Some of my readers may know that I attended the University of Georgia for my undergraduate studies. When I entered the University, I hadn’t declared a major. Eventually, I landed on Biology. Why I landed on Biology as my major I don’t know. I’ve never worked in my degree field and the classes I had to take were much more difficult than those in other majors. But that is where I landed.
Even though I was a Biology major, I had to take a number of classes in other disciplines. English Literature, Psychology, Sociology, Philosophy, and Spanish to name a few. While I wished I didn’t have to take those classes when I was in college, thinking back I now see that there was a method to the University’s madness. There was a sort of unity in the diversity. The subjects they selected were designed to work together to make me a well-rounded student. Teaching me skills I didn’t have and helping me hone the ones I did possess.
The church works in a similar way. While there’s not a diversified list of classes we have to take, there is a diversity of gifts that exist within the church. Within that diversity, there should be a unity.
There should be unity in the diversity of gifts within the church (vs. 1-7)
Ephesians 4 will be the main text we look at. Here is what Paul says in verses 1-7.
“I therefore, a prisoner for the Lord, urge you to walk in a manner worthy of the calling to which you have been called, with all humility and gentleness, with patience, bearing with one another in love, eager to maintain the unity of the Spirit in the bond of peace. There is one body and one Spirit—just as you were called to the one hope that belongs to your call— one Lord, one faith, one baptism, one God and Father of all, who is over all and through all and in all. But grace was given to each one of us according to the measure of Christ’s gift.” (Eph 4:1–7)
Paul begins this section by calling us to walk in a manner worthy of our calling. Then in verse 2 he tells us what it looks like for us to live in a manner worthy of our calling and that is: It looks like us bearing with one another in such a way that we are unified and at peace with one another. Admittedly, living in unity and at peace with one another is difficult, but that difficulty shouldn’t keep us from striving towards that end because we are all one in Christ. Paul drives that point home in these verses with his consistent use of the word “one”. He tells us that there is “one body…one Spirit…one hope…one Lord, one faith, one baptism, one God and Father of all.” You see as Christians, we are all one with another.
Paul illustrates the idea of our oneness well in his letter to the Corinthians by the use of a body metaphor. When you look at yourself in the mirror, you should see only one of you. There aren’t two, three, four, or five Casey’s running around. I’m one person. Sometimes I wish I was more than one person. I’m sure at times you do too. But the reality is, there is only one of us.
Even though you just see one person in the mirror, if you look closely, you see that your body is comprised of many parts. A head, eyes, nose, mouth, arms, hands, legs, feet, and so on and so forth. There are different parts that make up our body. In order for us to walk away from that mirror and go about our day, all those parts must work together.That’s the same with the body of Christ, the church. There are many different parts that make up the church, yet we are called to function as one, which means there should be unity in our diversity.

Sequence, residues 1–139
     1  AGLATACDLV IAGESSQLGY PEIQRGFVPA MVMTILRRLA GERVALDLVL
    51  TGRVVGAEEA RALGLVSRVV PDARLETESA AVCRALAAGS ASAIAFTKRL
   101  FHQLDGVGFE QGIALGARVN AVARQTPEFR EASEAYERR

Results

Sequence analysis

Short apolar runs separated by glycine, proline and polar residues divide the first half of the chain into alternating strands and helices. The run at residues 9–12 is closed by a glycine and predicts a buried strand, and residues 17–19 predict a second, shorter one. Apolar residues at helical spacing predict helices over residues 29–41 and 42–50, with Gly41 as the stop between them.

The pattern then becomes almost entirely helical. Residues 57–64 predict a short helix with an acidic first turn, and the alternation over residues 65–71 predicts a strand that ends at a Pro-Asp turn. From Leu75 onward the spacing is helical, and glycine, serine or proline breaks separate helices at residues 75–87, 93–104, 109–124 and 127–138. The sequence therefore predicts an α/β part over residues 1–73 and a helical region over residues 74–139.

We should be eager to maintain that unity because we have all been called and gifted by Jesus who is the conquering King.
We have all been called and gifted by Jesus, who is the conquering King (vs. 8-10)
Look at verses 8-10,
“Therefore it says, “When he ascended on high he led a host of captives, and he gave gifts to men.” (In saying, “He ascended,” what does it mean but that he had also descended into the lower regions, the earth? He who descended is the one who also ascended far above all the heavens, that he might fill all things.)” (Eph 4:8–10)
The picture Paul presents for us here is that of a conquering king leading a host of captives, or prisoners of war, in a parade through their kingdom. As the king would lead his captives through the kingdom, those who were a part of the kingdom would line up to see the parade. Not only was this a time of celebration for the kingdom, just as parades are for us, but during this time the king would give gifts as he saw fit.
Paul is taking this same picture applying it to Jesus as the conquering King. But Paul flips the script a bit and tells us that Jesus didn’t conquer in the way kings normally conquer. No, the way He conquered was by dying on the cross, then descending into the grave. Just when everyone thought that was the end, Jesus did something no one else could do, He resurrected from the grave defeating sin, Satan, and death. Then He ascended to His heavenly throne were He now reigns and rules.
Just as conquering kings in Paul’s day had the right to give gifts to men in their kingdom, Jesus as the conquering King, has the same right, and that is exactly what He does. He gives gifts to all those in His kingdom as He see fit. He expects them to use those gifts in a unified manner to accomplish His purpose.
Next time we will look at some of the gifts Jesus gives in order to equip His saints for the work of ministry.
Question for Reflection
- Is there unity in your church?
Post developed from my sermon: What’s the Pastor and Church’s Goal and Purpose in the Work of Ministry?